Format your resume reference page so it looks like a pulled-together, professional document with this simple trick. Plus, use this template to set up your own job references sheet, and get tips to ensure your contacts make a great impression when an employer calls.
The best and easiest way to set up your job reference sheet is to simply match it to the structure of your resume.
What does that mean in practical terms?
Start with your resume formatting.
Imagine your resume was structured like this sample resume for the made up job seeker Jane Somebody.
Notice the job seeker's name and contact information is formatted in a header that is centered on the page. The headings are bolded and in all capitals.
To created a set of job search documents that look like a pulled-together, professional package, you simply need to carry the same style through to your resume reference page.
The example below shows our imaginary job seeker's reference page formatted to match with her resume.
Notice the job seeker's name and contact information on the reference sheet matches the resume exactly.
All of that text was simply copied from the resume and pasted into a new blank word processing file to create the heading for the reference page.
Also, the heading "References" is bold and in all capitals to match the resume headings, and the fonts are the same style and size on both documents (the fonts on the sample resume image look smaller only because I shrunk that image to make it fit better on this page).
I have centered the rest of the information on the page. This is a personal, stylistic choice. I feel the references' names and contact information look more balanced when they are centered on the page, but if you prefer the look of left justifying your information, that is fine, too.
Now you know how to set up your job reference sheet. But what information should be included on that page?
For each job reference, you should include the person's:
Additional information you can include on your reference page:
Including a brief description of the nature of your relationship with the reference can be helpful. For example, you could note someone was your supervisor at ABC Company, or the office manager at XYZ Company.
Adding this information is particularly helpful if the nature of your relationship is not obvious.
One of your references might be someone who was your direct supervisor at ABC Company for 8 years. You still work at ABC Company, but your reference has recently changed jobs and is now a manger at XYZ Company, where you have never worked.
If your job reference sheet indicates this person is a manager at XYZ Company, it won't be clear that person worked with you at ABC Company. If you add a line to that person's entry on your reference sheet to indicate they were your supervisor at ABC Company for 8 years, it will help clarify that relationship.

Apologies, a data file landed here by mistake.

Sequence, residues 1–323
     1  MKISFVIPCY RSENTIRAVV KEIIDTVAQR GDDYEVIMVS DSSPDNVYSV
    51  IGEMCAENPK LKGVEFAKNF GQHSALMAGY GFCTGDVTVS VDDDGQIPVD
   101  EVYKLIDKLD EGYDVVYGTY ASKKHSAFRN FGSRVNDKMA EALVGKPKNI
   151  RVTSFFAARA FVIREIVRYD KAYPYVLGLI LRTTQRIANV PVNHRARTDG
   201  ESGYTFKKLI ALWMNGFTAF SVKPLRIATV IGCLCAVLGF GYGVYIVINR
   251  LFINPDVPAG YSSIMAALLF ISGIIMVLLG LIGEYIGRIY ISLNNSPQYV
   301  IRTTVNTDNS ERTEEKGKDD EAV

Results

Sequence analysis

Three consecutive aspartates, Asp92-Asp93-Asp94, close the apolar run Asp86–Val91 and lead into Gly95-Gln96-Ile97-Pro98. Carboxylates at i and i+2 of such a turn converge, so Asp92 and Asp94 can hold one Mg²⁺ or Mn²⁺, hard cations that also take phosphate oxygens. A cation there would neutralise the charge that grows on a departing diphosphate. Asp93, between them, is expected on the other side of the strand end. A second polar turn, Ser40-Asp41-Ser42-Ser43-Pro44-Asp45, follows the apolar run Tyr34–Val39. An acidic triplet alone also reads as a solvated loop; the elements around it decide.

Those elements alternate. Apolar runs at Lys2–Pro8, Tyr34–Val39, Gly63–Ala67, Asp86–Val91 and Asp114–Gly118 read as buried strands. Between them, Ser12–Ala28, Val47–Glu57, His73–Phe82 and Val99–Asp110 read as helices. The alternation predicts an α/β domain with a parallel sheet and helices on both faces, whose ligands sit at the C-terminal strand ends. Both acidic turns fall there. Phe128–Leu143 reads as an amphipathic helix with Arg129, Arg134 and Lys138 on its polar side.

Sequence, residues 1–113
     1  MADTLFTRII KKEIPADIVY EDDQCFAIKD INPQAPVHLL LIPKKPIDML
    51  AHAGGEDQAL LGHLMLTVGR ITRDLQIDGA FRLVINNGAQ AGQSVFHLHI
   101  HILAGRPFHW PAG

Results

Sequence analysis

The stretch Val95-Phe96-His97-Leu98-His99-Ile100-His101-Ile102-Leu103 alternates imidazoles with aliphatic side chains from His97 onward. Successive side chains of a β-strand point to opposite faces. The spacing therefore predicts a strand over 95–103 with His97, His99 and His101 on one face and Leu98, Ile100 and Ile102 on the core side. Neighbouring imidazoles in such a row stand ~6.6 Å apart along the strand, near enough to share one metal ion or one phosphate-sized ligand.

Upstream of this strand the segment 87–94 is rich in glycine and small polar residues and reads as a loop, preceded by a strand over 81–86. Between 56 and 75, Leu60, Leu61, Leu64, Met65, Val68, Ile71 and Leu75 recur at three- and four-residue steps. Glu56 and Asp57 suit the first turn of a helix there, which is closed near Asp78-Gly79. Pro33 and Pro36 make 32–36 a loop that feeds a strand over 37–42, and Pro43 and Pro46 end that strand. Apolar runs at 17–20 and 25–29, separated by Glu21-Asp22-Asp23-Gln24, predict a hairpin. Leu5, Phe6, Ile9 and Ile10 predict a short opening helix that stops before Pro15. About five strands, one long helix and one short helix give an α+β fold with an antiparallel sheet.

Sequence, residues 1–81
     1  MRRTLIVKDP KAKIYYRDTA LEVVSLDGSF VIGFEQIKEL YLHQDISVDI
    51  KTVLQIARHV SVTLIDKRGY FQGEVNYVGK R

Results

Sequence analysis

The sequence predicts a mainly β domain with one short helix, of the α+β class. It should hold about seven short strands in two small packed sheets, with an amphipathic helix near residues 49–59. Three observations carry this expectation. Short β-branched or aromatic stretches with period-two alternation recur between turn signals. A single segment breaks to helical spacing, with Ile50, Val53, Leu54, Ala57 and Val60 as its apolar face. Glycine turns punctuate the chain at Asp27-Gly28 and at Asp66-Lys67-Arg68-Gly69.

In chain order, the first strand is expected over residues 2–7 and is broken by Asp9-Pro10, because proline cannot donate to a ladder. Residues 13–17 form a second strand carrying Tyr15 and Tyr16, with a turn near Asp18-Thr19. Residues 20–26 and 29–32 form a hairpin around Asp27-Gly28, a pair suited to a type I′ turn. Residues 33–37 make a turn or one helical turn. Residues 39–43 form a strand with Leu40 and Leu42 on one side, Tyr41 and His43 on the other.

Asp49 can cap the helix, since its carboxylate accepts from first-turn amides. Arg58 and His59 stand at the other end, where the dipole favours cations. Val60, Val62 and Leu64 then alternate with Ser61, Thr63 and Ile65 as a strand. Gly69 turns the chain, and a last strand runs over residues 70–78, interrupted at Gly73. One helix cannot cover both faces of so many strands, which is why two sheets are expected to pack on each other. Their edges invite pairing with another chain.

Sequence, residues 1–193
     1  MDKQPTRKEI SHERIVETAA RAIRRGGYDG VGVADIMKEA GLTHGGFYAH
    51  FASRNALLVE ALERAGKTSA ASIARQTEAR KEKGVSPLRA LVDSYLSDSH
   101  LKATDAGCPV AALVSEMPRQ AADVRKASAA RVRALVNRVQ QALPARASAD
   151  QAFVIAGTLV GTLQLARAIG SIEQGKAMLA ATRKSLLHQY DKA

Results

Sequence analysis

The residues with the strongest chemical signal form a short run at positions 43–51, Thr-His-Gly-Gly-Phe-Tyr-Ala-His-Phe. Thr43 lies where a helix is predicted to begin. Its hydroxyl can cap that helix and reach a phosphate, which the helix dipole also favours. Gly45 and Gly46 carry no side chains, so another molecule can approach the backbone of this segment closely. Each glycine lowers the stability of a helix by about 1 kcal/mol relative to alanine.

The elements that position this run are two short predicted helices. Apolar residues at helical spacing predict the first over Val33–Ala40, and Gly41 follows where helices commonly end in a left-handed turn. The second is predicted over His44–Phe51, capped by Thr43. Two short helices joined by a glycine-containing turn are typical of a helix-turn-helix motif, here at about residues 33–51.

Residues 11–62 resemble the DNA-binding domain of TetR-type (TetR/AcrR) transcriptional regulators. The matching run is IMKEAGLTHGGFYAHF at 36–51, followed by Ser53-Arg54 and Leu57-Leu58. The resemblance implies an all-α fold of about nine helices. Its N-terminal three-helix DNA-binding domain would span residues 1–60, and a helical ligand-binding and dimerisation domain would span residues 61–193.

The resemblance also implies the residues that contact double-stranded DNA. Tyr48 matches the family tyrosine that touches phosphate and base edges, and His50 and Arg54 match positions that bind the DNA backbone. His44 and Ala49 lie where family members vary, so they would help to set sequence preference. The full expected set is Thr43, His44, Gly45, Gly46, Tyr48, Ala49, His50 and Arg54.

You need to make it as easy as possible for employers to get in touch with your references. But you must also to balance that with the need to respect the preferences of the people who agree to provide a job reference for you.
With those considerations in mind, you may provide either land line numbers, or cell phone numbers, or a combination of both. Just be sure to ask your references which phone number(s) they prefer, and at which number can they be most easily reached.
Be sure to respect each person's preferences.
Always start with your strongest reference first. That is, the person who you believe will be most helpful and most impressive when called should be the first person on your list.
Why list your best reference first?
Employers may not always call all of the people on your list, but they usually start at the top of the list and work down. In order to ensure they call the best person, that person should be at the top of the list.
Also, the first reference who is called will make the first impression and set the tone for the employer - Another good reason why you should put your strongest reference at the top of the list.
Most employers want to call three people. Therefore, ideally, you should provide at least four names on your resume reference page. That way, if the employer has difficulty contacting anyone, there will be an extra person on the list to contact.
Although most employers want to contact three people, if at all possible, you should be ready with six references when you're job searching.
That's right! It's not a typo.
I did just say that, in an ideal world, you'll have six people who are willing to provide a reference for you!
Different employers may want to talk with different types of people. If you have a variety of types of people willing to provide a reference for you, you'll be more prepared to provide any type of reference an employer might ask for.
Most employers will want to speak with professional references, that is, people you've worked with, but depending on your background, the hiring manager's preferences, and the type of job you're applying for, the employer may want to speak with a:
I realize six sounds like an awful lot, and I know it's not always possible for all job seekers. Remember, this number is an ideal.
If you can't find six references, don't panic. Work to get a minimum of three people who will provide good job references for you.
Now that you know how to complete your reference page, you may want to take a look at how to submit your resume reference page at a job interview.
If you're not sure whether a former employer will say positive things about you, or your company has a policy of not providing job references, you may want to know more about how to handle these special situations.